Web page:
Definition of summit in English:



  • 1The highest point of a hill or mountain.

    ‘she climbed back up the path towards the summit’
    • ‘Everywhere you go, from the hot banks of the Dead Sea to the summits of holy mountains, stones are everywhere.’
    • ‘Sitting on a boulder, looking up a few thousand feet to the summit of the mountain, he became serious and reflective.’
    • ‘In years gone by, he had discovered lots of things dropped along the trails by emigrants lightening their wagonloads as they pushed for the mountain summits.’
    • ‘Above them, further up the ridge the summit of the mountain was peeping at them through quickly moving mist.’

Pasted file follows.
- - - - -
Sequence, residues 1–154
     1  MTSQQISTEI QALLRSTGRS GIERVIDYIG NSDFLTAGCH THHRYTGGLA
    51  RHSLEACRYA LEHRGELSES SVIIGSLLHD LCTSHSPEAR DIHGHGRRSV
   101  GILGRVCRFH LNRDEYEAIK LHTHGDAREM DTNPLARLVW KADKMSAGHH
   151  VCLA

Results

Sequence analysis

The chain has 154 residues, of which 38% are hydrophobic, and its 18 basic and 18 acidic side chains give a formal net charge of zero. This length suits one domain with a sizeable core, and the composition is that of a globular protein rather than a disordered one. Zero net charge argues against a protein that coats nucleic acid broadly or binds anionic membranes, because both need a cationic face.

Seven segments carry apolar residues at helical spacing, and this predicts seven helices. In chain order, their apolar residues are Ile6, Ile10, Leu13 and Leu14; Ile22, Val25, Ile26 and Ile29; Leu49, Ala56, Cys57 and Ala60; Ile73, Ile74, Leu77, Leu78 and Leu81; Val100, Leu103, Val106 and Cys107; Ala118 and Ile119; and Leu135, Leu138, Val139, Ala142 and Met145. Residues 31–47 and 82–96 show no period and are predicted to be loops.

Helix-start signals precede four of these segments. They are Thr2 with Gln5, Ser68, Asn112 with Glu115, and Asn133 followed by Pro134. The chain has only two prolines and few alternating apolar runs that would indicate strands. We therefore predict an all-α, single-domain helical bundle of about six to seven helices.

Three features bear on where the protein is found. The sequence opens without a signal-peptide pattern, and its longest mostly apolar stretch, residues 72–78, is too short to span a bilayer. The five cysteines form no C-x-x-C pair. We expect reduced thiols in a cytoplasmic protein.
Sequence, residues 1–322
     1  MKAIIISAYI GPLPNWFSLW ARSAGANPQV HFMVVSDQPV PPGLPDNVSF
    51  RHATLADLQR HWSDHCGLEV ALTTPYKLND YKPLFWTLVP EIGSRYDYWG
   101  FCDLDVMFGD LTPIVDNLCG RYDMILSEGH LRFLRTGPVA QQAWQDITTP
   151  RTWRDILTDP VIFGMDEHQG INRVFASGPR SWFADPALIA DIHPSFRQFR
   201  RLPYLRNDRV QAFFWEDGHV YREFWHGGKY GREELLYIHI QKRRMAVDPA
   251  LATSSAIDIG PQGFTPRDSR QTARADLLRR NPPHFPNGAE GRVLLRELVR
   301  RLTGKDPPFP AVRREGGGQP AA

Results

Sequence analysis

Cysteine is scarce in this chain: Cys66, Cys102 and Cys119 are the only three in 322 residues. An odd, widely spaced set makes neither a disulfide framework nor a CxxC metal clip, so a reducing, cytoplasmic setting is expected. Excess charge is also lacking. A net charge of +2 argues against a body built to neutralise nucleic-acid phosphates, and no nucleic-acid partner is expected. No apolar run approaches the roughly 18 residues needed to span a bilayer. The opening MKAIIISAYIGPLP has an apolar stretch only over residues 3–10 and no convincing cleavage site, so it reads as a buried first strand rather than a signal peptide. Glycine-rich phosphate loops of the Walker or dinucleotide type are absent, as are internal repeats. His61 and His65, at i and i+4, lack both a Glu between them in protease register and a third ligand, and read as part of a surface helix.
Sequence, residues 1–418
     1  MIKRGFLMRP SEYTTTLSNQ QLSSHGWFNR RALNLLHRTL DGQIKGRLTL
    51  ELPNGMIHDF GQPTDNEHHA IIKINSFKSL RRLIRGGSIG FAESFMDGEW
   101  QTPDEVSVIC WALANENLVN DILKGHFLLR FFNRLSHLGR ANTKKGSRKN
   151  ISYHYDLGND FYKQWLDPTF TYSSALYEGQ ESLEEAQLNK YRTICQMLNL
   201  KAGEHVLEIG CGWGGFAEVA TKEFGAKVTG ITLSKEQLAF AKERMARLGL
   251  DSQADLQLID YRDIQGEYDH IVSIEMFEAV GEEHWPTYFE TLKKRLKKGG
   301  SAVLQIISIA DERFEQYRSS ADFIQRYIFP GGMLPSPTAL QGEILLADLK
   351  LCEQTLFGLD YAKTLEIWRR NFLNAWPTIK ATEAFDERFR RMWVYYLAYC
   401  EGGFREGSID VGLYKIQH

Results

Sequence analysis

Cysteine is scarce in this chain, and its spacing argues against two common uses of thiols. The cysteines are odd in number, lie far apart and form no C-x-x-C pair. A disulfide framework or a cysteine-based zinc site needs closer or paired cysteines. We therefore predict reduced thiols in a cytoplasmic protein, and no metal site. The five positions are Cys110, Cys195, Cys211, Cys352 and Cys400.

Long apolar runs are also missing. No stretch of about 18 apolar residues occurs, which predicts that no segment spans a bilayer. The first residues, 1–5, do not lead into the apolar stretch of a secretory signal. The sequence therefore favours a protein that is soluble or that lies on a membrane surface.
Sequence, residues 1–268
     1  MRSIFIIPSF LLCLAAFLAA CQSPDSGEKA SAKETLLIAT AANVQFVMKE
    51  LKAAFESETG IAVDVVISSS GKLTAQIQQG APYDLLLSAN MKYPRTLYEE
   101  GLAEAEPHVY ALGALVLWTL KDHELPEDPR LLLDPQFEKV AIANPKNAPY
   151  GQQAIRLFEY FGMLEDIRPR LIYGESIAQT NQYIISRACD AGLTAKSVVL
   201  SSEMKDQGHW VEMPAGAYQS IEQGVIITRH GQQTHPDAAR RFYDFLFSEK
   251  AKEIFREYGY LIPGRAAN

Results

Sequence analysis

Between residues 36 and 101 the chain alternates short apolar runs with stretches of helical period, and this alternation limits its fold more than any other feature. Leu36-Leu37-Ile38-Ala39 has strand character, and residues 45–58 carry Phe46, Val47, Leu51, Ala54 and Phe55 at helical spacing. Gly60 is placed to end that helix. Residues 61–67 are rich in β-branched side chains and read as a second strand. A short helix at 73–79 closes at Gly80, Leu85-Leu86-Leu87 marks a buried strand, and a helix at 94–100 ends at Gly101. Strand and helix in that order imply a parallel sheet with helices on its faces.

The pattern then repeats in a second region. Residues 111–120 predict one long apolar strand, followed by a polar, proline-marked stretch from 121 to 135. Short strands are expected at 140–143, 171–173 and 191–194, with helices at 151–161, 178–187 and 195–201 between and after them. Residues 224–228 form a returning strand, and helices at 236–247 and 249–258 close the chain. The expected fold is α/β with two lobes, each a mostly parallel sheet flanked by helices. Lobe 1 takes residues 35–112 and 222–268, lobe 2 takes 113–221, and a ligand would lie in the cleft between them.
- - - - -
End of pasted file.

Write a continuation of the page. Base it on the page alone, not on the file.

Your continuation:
• ‘High above Glen Ceitlin the tops of the neighbouring hills peeked their snow-covered summits and ridges above the cloud - Stob Coire an Albannaich, Meall nan Eun, and Meall Odhar, all sparkling bright.’
    • ‘Walkers on the Queen's Highland estate were allowed to walk from the Spittle of Muick car park to mountain summits on recognised paths.’
    • ‘The oldest phase of ice flow (Event I) is characterized by ice flowing from an ice dispersal centre situated over the higher terrain in north-central Wales and by ice thick enough to cover the mountain summits.’
    • ‘The old drove road is recognisable as it climbs towards the summit of Kailzie Hill and the edge of the extensive Cardrona Forest.’
    • ‘With clear sky, you can see all the Monteregian mountains from the western summit.’
    • ‘Water is omnipresent in Valais, from babbling brooks cascading merrily downhill, to the tranquil, mirrored surface of a mountain lake reflecting majestic summits capped with eternal snow.’
    • ‘This feat put Jane Maria in the history books as the first Pakeha woman to reach the summit of the mountain.’